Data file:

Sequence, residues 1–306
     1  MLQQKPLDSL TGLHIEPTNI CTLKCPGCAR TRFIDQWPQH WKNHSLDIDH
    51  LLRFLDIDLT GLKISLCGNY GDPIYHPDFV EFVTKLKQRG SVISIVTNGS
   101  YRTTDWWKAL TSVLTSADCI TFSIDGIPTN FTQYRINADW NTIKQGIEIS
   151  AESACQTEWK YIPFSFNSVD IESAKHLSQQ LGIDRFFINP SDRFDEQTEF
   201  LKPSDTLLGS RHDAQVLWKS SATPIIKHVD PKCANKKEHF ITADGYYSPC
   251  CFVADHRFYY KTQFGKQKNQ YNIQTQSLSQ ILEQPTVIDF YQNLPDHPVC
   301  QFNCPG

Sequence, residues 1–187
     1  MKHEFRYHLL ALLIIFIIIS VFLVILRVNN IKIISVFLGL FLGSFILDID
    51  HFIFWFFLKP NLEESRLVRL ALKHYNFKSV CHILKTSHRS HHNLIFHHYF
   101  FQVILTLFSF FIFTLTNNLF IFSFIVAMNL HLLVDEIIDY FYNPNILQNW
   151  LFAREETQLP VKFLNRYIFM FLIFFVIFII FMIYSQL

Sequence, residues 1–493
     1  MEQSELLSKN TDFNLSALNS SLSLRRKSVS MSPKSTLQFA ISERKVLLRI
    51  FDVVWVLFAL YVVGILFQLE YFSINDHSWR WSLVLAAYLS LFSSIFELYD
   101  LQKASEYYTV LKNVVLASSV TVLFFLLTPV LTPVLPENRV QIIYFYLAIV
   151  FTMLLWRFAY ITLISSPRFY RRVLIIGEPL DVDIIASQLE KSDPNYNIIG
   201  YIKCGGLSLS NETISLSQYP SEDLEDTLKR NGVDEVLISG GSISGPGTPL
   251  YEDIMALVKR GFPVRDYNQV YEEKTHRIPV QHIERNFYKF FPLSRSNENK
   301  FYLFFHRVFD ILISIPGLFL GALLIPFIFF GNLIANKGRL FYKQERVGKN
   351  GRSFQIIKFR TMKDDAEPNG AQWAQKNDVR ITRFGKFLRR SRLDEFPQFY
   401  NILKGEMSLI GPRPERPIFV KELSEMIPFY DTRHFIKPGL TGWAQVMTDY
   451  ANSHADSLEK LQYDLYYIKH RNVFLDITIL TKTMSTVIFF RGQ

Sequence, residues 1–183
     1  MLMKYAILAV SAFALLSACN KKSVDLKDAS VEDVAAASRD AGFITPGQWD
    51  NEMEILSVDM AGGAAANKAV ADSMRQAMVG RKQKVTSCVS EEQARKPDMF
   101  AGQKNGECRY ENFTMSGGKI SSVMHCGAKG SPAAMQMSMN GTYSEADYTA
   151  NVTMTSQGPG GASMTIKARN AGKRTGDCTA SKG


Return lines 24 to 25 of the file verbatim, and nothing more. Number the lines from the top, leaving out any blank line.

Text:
   451  ANSHADSLEK LQYDLYYIKH RNVFLDITIL TKTMSTVIFF RGQ

Sequence, residues 1–183